Other figures linked to the impeachment inquiry have corroborated Sondland’s testimony. In a transcript of private testimony released Saturday, Tim Morrison, a White House national security aide, said late last month that Sondland had spoken with Trump about a half dozen times in recent months and had talked with a top Ukraine official about winning release of the military assistance Kyiv wanted to help fight pro-Russian separatists in the eastern part of the country in exchange for investigations that benefited Trump politically.

“His mandate from the president was to go make deals,” Morrison said of Sondland. 

Morrison is set to testify publicly before the impeachment panel on Tuesday, alongside Kurt Volker, the former U.S. special envoy to Ukraine who, as others have, testified that Rudy Giuliani, Trump’s personal lawyer named by him to oversee Ukraine affairs, was the driving force to get Kyiv to open the politically tinged investigation to help the U.S. leader.

David Holmes, a career diplomat and the political counselor at the U.S. Embassy in Ukaine leaves the Capitol Hill, Nov. 15, 2019, in Washington, after a deposition before congressional lawmakers.

Late last week, David Holmes, an aide to William Taylor, the top U.S. diplomat in Kyiv, told impeachment investigations in private testimony that he overheard a July 26 cell phone conversation between Trump and Sondland at a Kyiv restaurant in which the president inquired whether Zelenskiy was going to pursue the investigations of Biden, his son Hunter Biden’s work for a Ukrainian natural gas company and a debunked theory that Ukraine had meddled in the 2016 election that Trump won.  U.S. intelligence community concluded Russia was behind the election meddling. 

Holmes said Sondland in the cell phone call assured Trump that Zelenskiy “loves your ass.”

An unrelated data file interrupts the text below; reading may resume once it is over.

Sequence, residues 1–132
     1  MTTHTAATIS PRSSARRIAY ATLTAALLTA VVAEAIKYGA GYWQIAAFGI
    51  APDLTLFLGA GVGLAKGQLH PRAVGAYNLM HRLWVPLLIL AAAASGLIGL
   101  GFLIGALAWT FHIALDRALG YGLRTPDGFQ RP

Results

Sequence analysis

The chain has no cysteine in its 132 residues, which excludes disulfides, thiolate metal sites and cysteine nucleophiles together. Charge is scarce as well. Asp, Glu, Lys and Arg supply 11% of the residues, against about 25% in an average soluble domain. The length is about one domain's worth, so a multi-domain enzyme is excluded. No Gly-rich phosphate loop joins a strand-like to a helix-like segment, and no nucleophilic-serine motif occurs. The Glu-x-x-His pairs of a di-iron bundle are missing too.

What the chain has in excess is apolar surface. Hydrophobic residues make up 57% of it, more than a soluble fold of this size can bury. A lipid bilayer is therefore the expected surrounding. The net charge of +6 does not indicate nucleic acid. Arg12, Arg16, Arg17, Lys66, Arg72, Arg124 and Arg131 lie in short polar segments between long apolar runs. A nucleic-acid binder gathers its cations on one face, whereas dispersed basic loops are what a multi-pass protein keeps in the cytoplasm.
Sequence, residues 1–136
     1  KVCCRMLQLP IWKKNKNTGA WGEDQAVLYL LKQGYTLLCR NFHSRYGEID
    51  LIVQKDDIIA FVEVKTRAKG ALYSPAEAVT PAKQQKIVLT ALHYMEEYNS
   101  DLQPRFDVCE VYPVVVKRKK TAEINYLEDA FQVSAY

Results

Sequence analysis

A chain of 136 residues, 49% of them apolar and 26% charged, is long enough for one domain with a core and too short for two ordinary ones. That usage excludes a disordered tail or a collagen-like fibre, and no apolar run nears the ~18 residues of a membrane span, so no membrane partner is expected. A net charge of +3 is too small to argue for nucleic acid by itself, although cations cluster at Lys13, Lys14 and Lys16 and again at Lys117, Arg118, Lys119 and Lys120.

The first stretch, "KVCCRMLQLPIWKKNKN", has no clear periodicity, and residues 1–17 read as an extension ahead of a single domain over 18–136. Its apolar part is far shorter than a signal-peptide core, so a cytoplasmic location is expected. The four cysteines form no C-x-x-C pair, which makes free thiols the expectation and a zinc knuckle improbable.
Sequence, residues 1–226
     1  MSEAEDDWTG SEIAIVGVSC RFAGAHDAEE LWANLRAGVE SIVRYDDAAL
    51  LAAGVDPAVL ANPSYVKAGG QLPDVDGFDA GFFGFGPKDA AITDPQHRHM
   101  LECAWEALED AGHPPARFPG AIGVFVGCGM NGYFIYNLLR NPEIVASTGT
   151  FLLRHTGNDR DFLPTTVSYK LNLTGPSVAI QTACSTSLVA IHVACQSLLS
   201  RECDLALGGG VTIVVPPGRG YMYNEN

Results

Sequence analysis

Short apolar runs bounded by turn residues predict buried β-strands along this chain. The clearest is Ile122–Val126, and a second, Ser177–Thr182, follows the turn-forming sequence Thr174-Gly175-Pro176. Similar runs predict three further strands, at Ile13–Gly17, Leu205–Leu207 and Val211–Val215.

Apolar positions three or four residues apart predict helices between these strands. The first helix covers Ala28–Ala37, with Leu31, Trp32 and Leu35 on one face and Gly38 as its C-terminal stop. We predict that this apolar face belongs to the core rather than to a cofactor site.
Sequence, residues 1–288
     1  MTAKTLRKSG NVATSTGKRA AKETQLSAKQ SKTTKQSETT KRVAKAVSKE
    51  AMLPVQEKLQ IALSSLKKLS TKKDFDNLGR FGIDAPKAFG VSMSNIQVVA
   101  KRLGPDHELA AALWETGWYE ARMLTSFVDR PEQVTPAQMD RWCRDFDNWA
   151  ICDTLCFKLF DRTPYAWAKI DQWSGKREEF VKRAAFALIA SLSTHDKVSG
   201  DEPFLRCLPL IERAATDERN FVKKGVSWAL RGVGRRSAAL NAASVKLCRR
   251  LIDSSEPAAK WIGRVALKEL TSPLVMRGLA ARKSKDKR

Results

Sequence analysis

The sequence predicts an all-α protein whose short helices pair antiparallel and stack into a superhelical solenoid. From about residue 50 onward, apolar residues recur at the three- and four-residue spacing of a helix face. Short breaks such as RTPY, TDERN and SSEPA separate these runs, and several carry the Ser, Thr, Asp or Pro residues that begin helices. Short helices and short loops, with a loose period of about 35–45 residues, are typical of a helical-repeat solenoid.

“So, he’s gonna do the investigation?” Holmes quoted Trump as asking. Sondland, according to Holmes, replied, “He’s gonna do it,” while adding that Zelenskiy will do “anything you ask him to.”

Holmes said he later asked Sondland if Trump cared about Ukraine, with the envoy replying that Trump did not “give a s**t about Ukraine.”

“I asked why not, and Ambassador Sondland stated that the president only cares about ‘big stuff,’” Holmes testified, according to a transcript posted by CNN. “I noted that there was ‘big stuff’ going on in Ukraine, like a war with Russia, and Ambassador Sondland replied that he meant ‘big stuff’ that benefits the president, like the ‘Biden investigation.”’

Before Sondland revised his testimony to say there had been a quid pro quo — the military aid for the Biden investigation — Trump had called Sondland a “great American.” But after Sondland changed his testimony, Trump said, “I hardly know the gentleman.”

On Tuesday, the House Intelligence panel is also set to hear from Jennifer Williams, a foreign affairs aide to Vice President Mike Pence, and Lt. Col. Alexander Vindman, director for European affairs at the National Security Council. Both of them listened in on Trump’s July 25 call with Zelenskiy asking the Ukrainian leader for “a favor,” the investigations of the Bidens.

Both Williams and Vindman have voiced concerns about Trump’s request. It is against U.S. campaign finance law to solicit foreign assistance for help in a U.S. election.

Aside from Sondland, the Intelligence panel is also hearing Wednesday from Laura Cooper, a Defense Department official, and David Hale, the undersecretary of State for political affairs. Fiona Hill, the former National Security Council senior director for Europe and Russia, is testifying Thursday.

House Intelligence Committee Chairman Adam Schiff (D-CA) speaks with Democratic Counsel Daniel Goldman (L) and other staffers during testimony from Marie Yovanovitch, former U.S. ambassador to Ukraine, during a House Intelligence Committee hearing.

Political analysts in Washington say the Trump impeachment drama could last for several months. If Trump is impeached by a simple majority in the House, perhaps by the end of the year as appears possible, a trial would be held in January in the Republican-majority Senate, where a two-thirds vote would be needed for his conviction and removal from office.

The time frame could bump up against the first Democratic party presidential nominating contests starting in February, when voters will begin casting ballots on who they want to oppose Trump when he seeks a second four-year term in the November 2020 national election. Six Democratic senators are among those running for the party’s presidential nomination, but could be forced to stay in Washington to sit as jurors in the 100-member Senate as it decides Trump’s fate, rather than campaign full-time for the presidency. 

Trump’s removal from office remains unlikely, with at least 20 Republicans needed to turn against him and vote for his conviction. 

To date, while a small number of Republicans have criticized Trump for his actions on Ukraine, no Republican senator has called for his removal from office through impeachment, a drastic action that has never occurred in U.S. history.